When he began, he had directed Arti to relinquish control over all the instruments and appliances needed to make the pie; he would adjust the Mixmaster and regulate the oven and stove himself, as needed. Arti had thought to suggest he let her help him with that; as a human, Huey was subject to errors she could prevent, but she had known better than to do so; she knew that Huey would want to claim all the praise (or blame?) for only himself at the outcome. Bragging rights; that’s what she had heard them called.
Now Huey rummaged in a drawer for the pie knife, a large triangular wedge with serrations along one edge, given to him by his mother. He then took down from a cupboard a small, glazed china plate, scalloped around its circumference and hand-painted by a mountain collective with yellow flowers, a hand-me-down from his grandmother.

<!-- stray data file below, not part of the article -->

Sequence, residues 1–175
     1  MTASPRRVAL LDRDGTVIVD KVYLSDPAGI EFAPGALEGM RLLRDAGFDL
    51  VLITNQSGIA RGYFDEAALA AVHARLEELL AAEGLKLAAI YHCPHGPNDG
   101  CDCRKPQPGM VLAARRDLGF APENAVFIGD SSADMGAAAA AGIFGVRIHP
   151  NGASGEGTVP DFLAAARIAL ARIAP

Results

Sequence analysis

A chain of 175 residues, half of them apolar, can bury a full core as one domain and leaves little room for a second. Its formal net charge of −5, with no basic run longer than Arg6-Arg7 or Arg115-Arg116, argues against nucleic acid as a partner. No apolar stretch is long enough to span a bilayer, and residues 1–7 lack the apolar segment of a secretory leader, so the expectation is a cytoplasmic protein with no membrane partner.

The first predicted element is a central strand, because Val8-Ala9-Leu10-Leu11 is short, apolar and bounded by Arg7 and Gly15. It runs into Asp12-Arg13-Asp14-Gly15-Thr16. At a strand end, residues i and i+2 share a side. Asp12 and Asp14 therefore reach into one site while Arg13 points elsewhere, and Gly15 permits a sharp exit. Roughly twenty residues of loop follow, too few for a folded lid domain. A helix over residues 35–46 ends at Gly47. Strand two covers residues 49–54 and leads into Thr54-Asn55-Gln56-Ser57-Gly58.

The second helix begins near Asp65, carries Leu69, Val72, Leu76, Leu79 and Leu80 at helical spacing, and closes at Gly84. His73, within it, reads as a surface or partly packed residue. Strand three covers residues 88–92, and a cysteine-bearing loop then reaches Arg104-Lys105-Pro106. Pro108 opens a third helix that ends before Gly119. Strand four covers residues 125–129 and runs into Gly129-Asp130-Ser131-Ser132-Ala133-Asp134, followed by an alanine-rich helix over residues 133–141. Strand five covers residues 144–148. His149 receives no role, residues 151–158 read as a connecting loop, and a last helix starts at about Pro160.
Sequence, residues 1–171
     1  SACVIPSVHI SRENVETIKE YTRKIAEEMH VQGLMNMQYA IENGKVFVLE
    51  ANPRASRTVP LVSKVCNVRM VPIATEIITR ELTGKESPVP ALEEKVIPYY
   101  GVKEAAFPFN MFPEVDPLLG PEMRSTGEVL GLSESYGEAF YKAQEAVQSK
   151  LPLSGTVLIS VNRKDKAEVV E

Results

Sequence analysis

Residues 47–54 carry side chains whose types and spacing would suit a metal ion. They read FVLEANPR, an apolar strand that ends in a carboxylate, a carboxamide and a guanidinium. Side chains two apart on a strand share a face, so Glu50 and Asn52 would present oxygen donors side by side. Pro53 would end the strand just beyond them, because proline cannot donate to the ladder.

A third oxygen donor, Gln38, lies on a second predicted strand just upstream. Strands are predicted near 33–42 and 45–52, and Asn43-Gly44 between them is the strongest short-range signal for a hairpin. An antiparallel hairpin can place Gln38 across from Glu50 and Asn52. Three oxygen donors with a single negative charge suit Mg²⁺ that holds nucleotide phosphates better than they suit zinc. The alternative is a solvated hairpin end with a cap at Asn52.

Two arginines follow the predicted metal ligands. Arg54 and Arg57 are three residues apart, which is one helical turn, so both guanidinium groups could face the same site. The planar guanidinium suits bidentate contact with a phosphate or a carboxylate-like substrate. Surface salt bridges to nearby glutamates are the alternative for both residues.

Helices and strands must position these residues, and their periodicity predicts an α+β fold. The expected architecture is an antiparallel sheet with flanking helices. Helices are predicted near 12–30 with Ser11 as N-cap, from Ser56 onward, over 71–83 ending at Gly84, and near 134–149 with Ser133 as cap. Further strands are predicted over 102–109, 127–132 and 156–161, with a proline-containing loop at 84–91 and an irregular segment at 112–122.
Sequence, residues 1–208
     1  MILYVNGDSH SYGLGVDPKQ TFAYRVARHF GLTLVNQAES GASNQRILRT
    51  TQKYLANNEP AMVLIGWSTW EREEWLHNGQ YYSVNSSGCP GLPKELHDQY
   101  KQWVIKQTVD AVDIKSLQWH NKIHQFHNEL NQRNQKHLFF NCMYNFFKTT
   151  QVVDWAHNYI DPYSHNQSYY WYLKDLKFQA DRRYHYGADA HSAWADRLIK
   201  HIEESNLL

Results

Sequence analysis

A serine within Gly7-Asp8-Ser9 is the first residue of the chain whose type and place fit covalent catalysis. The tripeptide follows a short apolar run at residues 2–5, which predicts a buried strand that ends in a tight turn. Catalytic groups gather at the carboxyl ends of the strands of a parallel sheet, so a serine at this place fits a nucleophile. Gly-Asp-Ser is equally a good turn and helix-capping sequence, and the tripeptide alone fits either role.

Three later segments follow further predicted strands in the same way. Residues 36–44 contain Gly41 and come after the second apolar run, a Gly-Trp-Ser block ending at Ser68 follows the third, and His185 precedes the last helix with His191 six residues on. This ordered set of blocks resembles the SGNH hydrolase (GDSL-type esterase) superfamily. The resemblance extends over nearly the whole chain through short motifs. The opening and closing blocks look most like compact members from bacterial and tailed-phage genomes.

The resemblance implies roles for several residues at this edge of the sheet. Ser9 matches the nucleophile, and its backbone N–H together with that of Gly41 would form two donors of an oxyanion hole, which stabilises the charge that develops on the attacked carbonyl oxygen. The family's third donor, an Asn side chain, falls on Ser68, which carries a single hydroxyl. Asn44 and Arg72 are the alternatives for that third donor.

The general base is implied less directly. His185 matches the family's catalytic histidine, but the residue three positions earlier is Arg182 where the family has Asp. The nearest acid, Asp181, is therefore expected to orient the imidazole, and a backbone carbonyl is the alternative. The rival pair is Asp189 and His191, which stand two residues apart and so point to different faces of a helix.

“I’d offer you a slice, Arti, but I guess that doesn’t work for you.”
Arti so wished it did. “Hey, it’s okay; I’ll trust your opinion.” She made a note to ask the guys at the lab if maybe there was an app for that. The best opinion would always be the one she could verify independently for herself.
Huey sat heavily at the kitchen table, took a sip of the coffee Arti had just made for him, and forked a piece of the pie into his mouth. He pursed his lips as he worked his jaw, chewing, and stared out the window into the middle distance.
“Well?”, Arti said. “How’s it taste?”
Huey swallowed. “Delicious.” He paused, and looked at the blackbox. “Although you may have been right about the lemon, Arti. Adjust the recipe to reduce both the juice and the peel by … oh, about thirty percent.”
As she did so, adjusting ratios to solve for this new pie, Arti reflected that, right now, it was probably a good thing that she was not equipped to smile. At the moment, she knew it would be impossible for her not to do so, even if ever so slightly.